You get into a heated argument about pension plans.
You go bowling without drinking.
You have a party and the neighbors don’t even realize it.
You feel like the night before and didn’t even go out.
A dripping faucet causes an uncontrollable bladder urge
Dialing long distance tires you out.
You decide to procrastinate but never get around to it.
Everything hurts, and when it doesn’t, it doesn’t work.
Your little black book only contains names ending in MD.
You get winded playing chess.
You join a health club and don’t go.
You’re still chasing women, but can’t remember why.
Your mind makes contracts your body can’t fulfill.
You know all the answers but no one asks the questions.
You look forward to a dull evening.
You turn out the light for economic, not romantic reasons.
You sit in a rocking chair and can’t make it go.
Your knees buckle but your belt doesn’t.
You’re 17 around the neck, 43 around the waist and 100 around the golf course.
After painting the town red you have to take a nap before a 2nd coat.
A lot of room in the house, but none in the medicine cabinet.
You sink your teeth into a steak and they stay there.
You finally know your way around and don’t feel like going.
Everything is farther away than it used to be and it’s twice as far to the corner than it used to be and they’ve added a hill.
You give up running for the bus because it leaves much faster than it used to.
Stairs are much steeper than they used to be and they’re using smaller print in the papers.
New clothes are getting smaller in the hips and waist.
Everyone speaks so low you can’t hear them.
People are much younger than they were when you were their age, but people your age are older than your are.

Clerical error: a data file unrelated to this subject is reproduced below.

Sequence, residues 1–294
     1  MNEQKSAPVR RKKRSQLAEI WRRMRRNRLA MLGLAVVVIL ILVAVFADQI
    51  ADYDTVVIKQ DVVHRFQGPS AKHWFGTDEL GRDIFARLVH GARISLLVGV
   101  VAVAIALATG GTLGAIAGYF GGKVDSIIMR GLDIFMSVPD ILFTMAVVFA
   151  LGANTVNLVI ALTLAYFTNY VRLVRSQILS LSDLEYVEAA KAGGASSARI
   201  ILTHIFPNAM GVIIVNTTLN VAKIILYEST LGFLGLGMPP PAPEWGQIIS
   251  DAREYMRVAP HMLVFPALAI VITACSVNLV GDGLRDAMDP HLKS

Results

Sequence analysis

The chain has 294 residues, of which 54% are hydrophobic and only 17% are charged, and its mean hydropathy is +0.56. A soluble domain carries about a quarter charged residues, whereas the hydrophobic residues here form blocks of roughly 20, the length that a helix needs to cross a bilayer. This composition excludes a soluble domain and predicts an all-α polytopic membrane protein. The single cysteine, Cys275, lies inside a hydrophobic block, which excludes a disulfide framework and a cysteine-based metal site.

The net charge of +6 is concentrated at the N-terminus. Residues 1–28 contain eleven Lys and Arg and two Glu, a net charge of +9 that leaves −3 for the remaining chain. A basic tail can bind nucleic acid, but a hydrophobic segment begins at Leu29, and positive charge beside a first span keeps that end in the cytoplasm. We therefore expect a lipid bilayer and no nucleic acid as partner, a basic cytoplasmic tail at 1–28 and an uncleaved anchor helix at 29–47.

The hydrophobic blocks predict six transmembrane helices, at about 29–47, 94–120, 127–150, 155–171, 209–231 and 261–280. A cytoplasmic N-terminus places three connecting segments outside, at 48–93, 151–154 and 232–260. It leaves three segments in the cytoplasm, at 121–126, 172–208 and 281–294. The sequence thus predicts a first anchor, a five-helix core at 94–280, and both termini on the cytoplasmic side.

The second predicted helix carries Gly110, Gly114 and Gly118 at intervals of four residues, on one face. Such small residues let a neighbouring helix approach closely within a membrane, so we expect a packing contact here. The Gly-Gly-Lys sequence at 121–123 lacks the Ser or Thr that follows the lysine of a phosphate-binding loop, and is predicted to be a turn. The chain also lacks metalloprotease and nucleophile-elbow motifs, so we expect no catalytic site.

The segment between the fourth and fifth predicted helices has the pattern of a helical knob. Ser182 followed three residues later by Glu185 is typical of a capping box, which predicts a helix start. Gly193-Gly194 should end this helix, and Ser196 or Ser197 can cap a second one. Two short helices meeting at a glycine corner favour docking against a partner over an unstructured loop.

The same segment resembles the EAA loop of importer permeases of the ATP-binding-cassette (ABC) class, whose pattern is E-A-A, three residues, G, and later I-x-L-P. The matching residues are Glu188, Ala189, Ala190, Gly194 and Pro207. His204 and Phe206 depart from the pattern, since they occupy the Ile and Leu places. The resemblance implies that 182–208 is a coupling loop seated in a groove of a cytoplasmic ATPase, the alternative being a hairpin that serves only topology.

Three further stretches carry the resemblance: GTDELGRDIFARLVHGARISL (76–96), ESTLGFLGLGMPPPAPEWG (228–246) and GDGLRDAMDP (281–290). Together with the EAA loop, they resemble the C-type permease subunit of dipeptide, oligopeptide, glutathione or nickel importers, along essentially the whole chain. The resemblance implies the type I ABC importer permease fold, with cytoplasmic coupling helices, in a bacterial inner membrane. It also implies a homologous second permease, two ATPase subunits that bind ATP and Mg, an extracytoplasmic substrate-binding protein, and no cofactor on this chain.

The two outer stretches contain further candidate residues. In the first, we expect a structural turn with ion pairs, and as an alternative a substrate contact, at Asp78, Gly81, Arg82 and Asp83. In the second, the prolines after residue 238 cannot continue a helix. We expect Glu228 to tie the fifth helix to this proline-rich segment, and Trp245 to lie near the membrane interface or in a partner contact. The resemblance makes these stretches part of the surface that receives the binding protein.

You meet an old friend who has aged so much she doesn’t recognize you.

There’s nothing the matter with me,
I’m just as healthy as can be,
I have arthritis in both knees,

And when I talk, I talk with a wheeze.
My pulse is weak, my blood is thin,
But I’m awfully well for the shape I’m in.

All my teeth have had to come out,
And my diet I hate to think about.

I’m overweight and I can’t get thin,
But I’m awfully well for the shape I’m in.

And arch supports I need for my feet.
Or I wouldn’t be able to go out in the street.
Sleep is denied me night after night,

But every morning I find I’m all right.
My memory’s failing, my head’s in a spin.
But I’m awfully well for the shape I’m in.

Old age is golden – I’ve heard it said,
But sometimes I wonder, as I go to bed.
With my ears in a drawer, my teeth in a cup,

And my glasses on a shelf, until I get up.
And when sleep dims my eyes, I say to myself,
Is there anything else I should lay on the shelf?

The reason I know my youth has been spent,
Is my get-up-and-go has got-up-and-went!

But really I don’t mind, when I think with a grin,
Of all the places my get-up has been.

I get up each morning and dust off my wits,
Pick up the paper and read the obits.

If my name is missing, I’m therefore not dead,
So I eat a good breakfast and jump back into bed.

The moral of this tale unfolds,
Telling you and me, who are growing old.

It is better to say “I’m fine” with a grin,
Than to let people know the shape we are in.